Although she laughs often and has a smile that brightens up the darkest of days, life has not been easy for 8-year-old Blessing Bogatsu.
Born into poverty, severely epileptic and confined to a wheelchair, Blessing has already endured more than most.
Struck by Blessing’s plight, the Mogoditshane-based Cheshire Foundation have offered her a place at their school.
However, there is a problem.
The youngster’s mother, 32-year-old Joyce Bogatsu cannot afford the basic items Blessing needs for everyday life at the boarding facility.
Desperate and unsure where else to turn, Joyce has made an impassioned plea to members of the public to help her buy a suitcase, clothes and toiletry for her child so that she can finally go to school.
“I need a bag, clothes (9-10 years size), a towel, sleepwear and toiletry before I can take her there. I was given a list of items to bring when I take her to the centre. But as you can see, I am a needy person, I have no income and I struggle to even buy sanitaries for my child,” explains the unemployed mum, speaking to The Voice from her humble home in Maun as her two daughters – Blessing and her five-year-old sister – look on quietly.
Joyce’s boyfriend – the children’s father – is also unemployed, further compounding the family’s economic woes.
“He is struggling to make ends meet. He is trying to keep bread on the table and gets up early every day to look for temporary jobs. If he is lucky he gets something, but most days are tough. So the little he gets we keep for rent and food. We cannot afford to buy any other thing besides the very basics such as disposable nappies and others.”
Joyce says she receives no help from the rest of her family, who she claims have effectively abandoned her and her children.
“Caring for a child with epilepsy is not easy and you can imagine how it feels when you have no money to buy basics and there is no family to support you. When you have a child with a disability, your relatives sort of distance themselves from you. It is like it is an abomination, as though it is your fault. I am very much alone!”
According to Joyce, her daughter was born fit and healthy. She suspects it was witchcraft from a relative that cursed her firstborn’s wellbeing.
“At two weeks old, a relative who volunteered to help me in the house during my early days as a new mother, burnt some herbs inside the room where the baby was sleeping. I was shocked and asked her if she was not aware that the smoke may harm the baby. But she said the herbs were harmless as they were meant to protect the child from ailment,” narrates Joyce, becoming increasingly emotional.
The following day, Blessing refused to breastfeed and her fontanelle (space between the bones of the skull in an infant or fetus) had sunken.
“I rushed the baby to the hospital where she later underwent surgery on her head. The woman relative called me when I was in hospital and told me that there is no way the baby will survive.”
Determined to channel all her energies into helping her child recover, Joyce did not report the matter to the police.
“At the time, I had no idea that she may never really recover from this. But I have learnt to accept and live with it,” she says, her eyes glistening with tears as she explains all she wants now is for her daughter to go to school so that she can start looking for a job and help her boyfriend raise the children in a financially stable home.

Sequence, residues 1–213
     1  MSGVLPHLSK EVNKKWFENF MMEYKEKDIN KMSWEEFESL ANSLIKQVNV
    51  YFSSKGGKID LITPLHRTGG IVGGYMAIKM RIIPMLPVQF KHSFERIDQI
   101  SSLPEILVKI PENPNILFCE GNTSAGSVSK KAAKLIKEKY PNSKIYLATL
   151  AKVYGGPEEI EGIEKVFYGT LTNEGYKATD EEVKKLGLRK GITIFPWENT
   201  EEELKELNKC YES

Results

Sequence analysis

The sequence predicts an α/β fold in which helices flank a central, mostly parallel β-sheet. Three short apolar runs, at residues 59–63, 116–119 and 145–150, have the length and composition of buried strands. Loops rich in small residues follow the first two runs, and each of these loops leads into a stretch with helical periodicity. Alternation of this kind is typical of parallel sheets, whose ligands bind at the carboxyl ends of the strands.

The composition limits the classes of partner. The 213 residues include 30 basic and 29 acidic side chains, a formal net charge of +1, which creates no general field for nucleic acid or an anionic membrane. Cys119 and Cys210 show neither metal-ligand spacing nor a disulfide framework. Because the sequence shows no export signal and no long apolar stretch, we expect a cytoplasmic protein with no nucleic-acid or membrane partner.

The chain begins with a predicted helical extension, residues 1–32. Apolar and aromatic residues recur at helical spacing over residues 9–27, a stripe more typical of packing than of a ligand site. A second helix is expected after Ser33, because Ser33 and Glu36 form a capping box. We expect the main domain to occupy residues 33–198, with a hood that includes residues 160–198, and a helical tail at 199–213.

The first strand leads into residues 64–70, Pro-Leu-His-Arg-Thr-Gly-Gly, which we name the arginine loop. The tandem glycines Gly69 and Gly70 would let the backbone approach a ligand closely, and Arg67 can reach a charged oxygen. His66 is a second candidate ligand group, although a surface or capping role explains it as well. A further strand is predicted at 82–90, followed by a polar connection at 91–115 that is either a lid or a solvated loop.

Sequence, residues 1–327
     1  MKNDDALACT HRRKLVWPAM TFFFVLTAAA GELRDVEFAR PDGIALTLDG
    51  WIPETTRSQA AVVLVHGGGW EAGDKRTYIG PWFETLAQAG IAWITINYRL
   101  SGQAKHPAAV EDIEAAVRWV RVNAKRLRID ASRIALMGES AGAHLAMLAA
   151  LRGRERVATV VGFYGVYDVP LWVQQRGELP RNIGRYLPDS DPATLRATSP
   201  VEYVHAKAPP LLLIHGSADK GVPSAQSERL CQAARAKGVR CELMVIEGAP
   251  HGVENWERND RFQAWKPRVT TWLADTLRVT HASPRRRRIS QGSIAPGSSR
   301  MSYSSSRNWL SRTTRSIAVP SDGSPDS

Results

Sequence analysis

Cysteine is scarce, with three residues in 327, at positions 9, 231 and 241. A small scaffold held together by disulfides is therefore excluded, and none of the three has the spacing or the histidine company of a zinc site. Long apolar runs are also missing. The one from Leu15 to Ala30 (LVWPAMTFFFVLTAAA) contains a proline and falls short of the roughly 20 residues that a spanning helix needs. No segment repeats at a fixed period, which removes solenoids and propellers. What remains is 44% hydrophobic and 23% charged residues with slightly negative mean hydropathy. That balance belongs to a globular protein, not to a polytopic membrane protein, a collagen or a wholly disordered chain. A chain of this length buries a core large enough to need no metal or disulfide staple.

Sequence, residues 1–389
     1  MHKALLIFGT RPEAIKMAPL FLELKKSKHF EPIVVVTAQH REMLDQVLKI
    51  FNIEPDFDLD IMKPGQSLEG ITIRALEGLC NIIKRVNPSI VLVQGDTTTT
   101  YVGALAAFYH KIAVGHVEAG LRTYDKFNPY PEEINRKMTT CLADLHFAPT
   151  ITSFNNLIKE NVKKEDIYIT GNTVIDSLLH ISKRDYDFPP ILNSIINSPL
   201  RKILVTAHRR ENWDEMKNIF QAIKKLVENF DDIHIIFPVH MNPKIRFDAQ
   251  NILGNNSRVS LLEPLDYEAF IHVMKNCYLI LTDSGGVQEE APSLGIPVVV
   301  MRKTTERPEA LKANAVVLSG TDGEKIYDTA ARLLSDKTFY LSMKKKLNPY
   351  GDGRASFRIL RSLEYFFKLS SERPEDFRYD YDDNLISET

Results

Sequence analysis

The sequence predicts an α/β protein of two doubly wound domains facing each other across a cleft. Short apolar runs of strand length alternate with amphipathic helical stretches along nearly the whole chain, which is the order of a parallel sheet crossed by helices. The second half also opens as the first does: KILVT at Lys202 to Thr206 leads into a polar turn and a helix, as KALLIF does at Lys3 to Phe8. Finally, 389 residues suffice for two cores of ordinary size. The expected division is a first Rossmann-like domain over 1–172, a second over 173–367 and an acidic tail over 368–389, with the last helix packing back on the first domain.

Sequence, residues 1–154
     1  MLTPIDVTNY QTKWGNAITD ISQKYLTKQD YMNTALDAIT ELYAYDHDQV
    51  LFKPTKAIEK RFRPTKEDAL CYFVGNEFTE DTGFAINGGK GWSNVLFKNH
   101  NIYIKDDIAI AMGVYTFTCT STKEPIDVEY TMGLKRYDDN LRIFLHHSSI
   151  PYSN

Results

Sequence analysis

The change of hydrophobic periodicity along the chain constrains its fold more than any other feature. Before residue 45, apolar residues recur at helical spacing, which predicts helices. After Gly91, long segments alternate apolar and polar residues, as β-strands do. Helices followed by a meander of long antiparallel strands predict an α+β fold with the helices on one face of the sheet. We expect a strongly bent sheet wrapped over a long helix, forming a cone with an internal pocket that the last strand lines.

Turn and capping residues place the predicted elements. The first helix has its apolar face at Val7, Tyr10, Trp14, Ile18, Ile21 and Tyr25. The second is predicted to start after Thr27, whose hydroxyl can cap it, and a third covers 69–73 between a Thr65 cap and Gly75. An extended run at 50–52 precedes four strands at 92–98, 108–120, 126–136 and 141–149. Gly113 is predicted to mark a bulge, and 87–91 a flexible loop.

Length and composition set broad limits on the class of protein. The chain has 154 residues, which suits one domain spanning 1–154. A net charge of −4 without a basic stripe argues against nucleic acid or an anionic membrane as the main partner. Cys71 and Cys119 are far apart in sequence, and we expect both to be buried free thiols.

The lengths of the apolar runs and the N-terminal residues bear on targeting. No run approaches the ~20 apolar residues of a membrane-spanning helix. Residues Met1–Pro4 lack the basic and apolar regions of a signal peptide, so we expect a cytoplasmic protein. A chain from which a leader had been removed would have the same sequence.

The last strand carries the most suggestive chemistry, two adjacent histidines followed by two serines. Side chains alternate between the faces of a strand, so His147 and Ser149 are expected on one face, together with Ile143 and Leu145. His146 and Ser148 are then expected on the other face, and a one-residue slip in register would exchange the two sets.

“My wish is to start a small business, that is if I can manage a start up fund. Right now my other daughter goes to Adam and Eve Daycare Centre. They have been good to me and taken my child in without any school fees. Above that, they help transport Blessing to Tshidilong Centre for physical therapy.”
Adam and Eve Daycare is run by a local non government organisation, Shelter Botswana, a charity centre that caters for orphans and vulnerable children.
“We admit children from vulnerable backgrounds including orphans and children raised by needy single parents. We also assist people living with HIV/AIDS and occasionally do random home visits. We also help those in need like Blessing’s mother to get her child to Tshidilong. We do not have much, otherwise we could help more, but we also depend on donors and goodwill of the community,” stated the Shelter’s director and founder, George Zulu.
Just this past Saturday, a local private school, Matshwane Primary School, spent time with these vulnerable children and gave them gifts.
“To some, it may look like a small gesture, but to me and my children, it is a big blessing. My girls will have a change of clothes, they get to taste chocolate after a long time!” says Joyce when we meet again at the centre, both her daughters smiling happily as they munch away on their sugary treats seemingly without a care in the world.
What causes Epilepsy or seizures in babies?
There are many causes of seizures in babies. In around 8 out of 10 babies with seizures, a cause will be found. These are the most common:
• Being born very early, and having bleeding inside the brain. This is called intracranial haemorrhage
• Being born on time but having a lack of oxygen to the brain. This is called perinatal hypoxia and can cause an injury to the brain called ‘hypoxic-ischaemic encephalopathy’
• Having low levels of glucose, calcium or sodium in the blood
• Having an infection such as meningitis or encephalitis
• Being born with some damage to their brain. This is called cerebral dysplasia or dysgenesis. Cerebral means relating to the brain. Dysplasia or dysgenesis means unusual development
Source: Epilepsy action, Uk.